Whether it is for putting a swastika necklace up for sale or for the #BamaRush TikTok controversy, Chinese online fashion company, Shein has perpetually been in the eye of storm. The fast fashion brand has often been accused of issues ranging from environmental to ethical. One frequent accusations against Shein is the brand’s complete lack of transparency. Founded in 2008, the direct-to-consumer fashion brand is often criticized for transporting clothes overseas by planes, adding to its overall environmental footprint.
No evidence to prove legal and ethical compliance
As Sophie Hirsh writes in ‘Is Shein an Ethical Brand- A Look Into the Fast Fashion Empire’ in the Green Matters, though the company’s website emphasizes its focus on social responsibility and supply chain transparency, it does not elaborate on the Code of Conduct for suppliers. This makes it difficult for consumers to determine the brand partners’ involvement in forced labor. Also, the Code of Conduct, mentioned on the website, applies only to the brand’s partners not to Shein itself.
The website also declares Shein’s partners not only comply with local environmental laws but also adopt required measures to reduce the impact of their operations on environment. However, the company does not have a third party certificate to prove these claims. The brand lacks ethics completely, says Venetia La Manna, Fair Fashion Campaigner, Influencer and Co-founder, Remember Who Made Them, a campaign to support garment workers. It has no evidence to prove either the sustainability of its operations or adherence to fair wage practices, she adds. The e-commerce brand has also been accused of plagiarism by many other brands.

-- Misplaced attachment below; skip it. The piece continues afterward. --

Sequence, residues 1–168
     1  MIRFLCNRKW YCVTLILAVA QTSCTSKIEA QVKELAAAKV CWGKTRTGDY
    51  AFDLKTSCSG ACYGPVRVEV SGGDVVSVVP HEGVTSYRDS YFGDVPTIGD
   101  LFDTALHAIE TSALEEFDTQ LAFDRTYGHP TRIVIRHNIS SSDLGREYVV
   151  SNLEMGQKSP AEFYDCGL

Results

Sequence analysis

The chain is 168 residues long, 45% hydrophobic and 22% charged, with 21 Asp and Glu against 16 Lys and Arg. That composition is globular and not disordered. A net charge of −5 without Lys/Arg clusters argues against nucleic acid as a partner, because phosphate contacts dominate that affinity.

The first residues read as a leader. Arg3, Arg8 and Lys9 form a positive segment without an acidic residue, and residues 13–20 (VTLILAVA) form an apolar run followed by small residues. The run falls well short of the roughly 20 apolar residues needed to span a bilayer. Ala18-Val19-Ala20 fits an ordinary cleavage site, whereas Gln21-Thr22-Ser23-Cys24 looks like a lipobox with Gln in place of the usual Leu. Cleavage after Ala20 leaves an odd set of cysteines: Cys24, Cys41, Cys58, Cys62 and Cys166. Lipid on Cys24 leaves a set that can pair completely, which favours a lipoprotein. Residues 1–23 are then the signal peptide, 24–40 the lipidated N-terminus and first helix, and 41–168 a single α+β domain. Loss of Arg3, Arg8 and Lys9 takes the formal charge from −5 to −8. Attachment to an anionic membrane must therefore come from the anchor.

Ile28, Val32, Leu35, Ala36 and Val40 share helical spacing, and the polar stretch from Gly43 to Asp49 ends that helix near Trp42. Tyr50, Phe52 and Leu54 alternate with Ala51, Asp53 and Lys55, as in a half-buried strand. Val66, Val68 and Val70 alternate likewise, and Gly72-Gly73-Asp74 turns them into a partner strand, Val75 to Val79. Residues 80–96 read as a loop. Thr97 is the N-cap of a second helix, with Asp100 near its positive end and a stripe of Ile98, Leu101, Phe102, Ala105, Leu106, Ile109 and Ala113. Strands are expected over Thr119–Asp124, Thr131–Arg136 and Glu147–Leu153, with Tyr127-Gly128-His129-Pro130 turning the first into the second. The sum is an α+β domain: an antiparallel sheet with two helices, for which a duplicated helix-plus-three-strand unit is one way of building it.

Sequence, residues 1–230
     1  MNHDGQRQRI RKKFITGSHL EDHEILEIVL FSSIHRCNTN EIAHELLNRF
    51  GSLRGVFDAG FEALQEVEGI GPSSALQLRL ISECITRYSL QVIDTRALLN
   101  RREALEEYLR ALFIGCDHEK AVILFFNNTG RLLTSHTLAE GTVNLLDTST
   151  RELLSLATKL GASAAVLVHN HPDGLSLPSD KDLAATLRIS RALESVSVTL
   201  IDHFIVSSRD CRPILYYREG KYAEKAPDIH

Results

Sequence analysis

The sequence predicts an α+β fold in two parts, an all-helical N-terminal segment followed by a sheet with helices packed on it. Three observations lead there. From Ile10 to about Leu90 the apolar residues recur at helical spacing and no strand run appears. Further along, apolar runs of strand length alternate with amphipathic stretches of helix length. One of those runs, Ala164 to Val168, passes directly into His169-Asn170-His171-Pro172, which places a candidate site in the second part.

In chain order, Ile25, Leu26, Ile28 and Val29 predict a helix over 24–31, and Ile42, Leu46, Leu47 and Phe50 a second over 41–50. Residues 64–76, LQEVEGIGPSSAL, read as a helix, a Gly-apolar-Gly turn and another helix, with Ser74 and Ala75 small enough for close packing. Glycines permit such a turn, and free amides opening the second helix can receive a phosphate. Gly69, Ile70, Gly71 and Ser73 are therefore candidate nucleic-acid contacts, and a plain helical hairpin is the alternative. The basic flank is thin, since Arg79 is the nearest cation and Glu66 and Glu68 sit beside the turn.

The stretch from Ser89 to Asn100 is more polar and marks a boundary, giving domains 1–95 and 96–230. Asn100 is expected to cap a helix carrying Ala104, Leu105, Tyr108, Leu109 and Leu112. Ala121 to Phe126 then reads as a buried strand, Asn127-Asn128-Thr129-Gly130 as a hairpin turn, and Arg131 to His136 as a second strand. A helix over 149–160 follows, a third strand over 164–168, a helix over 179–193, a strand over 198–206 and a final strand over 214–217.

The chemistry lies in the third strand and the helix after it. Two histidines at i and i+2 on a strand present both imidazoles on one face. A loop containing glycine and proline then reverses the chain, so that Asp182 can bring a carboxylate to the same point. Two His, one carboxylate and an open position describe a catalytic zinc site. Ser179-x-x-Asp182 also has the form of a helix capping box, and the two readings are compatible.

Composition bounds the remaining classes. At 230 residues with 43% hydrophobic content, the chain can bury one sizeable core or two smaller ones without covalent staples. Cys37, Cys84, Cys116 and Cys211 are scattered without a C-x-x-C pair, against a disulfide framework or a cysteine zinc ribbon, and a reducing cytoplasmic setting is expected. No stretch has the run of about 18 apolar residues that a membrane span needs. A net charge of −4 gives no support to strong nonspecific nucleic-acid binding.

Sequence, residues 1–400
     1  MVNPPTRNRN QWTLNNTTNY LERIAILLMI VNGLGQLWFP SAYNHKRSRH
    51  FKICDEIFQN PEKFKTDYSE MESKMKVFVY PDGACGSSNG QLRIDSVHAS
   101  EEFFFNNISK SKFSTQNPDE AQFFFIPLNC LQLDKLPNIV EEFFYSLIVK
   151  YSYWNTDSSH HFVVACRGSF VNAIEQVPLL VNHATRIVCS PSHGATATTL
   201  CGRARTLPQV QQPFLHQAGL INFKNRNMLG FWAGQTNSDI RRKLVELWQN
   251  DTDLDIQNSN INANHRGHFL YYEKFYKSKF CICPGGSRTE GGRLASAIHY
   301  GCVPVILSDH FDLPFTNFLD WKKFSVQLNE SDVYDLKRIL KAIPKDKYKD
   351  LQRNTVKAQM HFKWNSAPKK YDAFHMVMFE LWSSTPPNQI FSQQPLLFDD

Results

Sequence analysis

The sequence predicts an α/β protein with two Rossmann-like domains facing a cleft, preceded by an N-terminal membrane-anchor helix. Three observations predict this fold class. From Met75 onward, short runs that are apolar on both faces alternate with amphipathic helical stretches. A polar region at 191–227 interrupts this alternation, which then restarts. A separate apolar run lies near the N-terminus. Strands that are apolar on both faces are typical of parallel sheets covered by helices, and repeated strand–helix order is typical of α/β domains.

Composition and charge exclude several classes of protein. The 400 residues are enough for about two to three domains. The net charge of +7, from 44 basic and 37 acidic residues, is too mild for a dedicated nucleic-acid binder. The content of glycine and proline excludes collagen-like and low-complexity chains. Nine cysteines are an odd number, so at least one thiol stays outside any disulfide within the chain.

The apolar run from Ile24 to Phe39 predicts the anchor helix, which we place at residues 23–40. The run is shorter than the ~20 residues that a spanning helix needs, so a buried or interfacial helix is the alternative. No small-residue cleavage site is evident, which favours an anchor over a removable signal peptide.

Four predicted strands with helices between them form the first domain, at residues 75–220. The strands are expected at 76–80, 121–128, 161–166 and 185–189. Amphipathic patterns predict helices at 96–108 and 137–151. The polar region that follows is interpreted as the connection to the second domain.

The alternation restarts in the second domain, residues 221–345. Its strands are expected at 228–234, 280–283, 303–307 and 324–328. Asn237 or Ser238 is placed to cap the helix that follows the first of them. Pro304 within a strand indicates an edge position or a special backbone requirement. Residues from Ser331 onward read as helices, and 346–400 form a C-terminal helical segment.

Complete ignorance of labor rights
Shein often posts endless videos of customers sharing their purchase hauls from the brand’s website. An advertising campaign, these videos inspire customers to buy clothes from the brand in bulk. Many of these videos are designed to explore the society’s fascination for newness and penchant for cheap prices. However, most of them ignore workers’ rights and environment in general, says La Manna.
The fashion industry, needs to completely overhaul its operation system, says La Manna. This involves narrowing the huge wealth gap between factory owners and garment workers, curbing excess production and dealing with inventory issues. Instead of blaming consumers, the industry needs to take complete responsibility for its actions for the rise in fast fashion culture.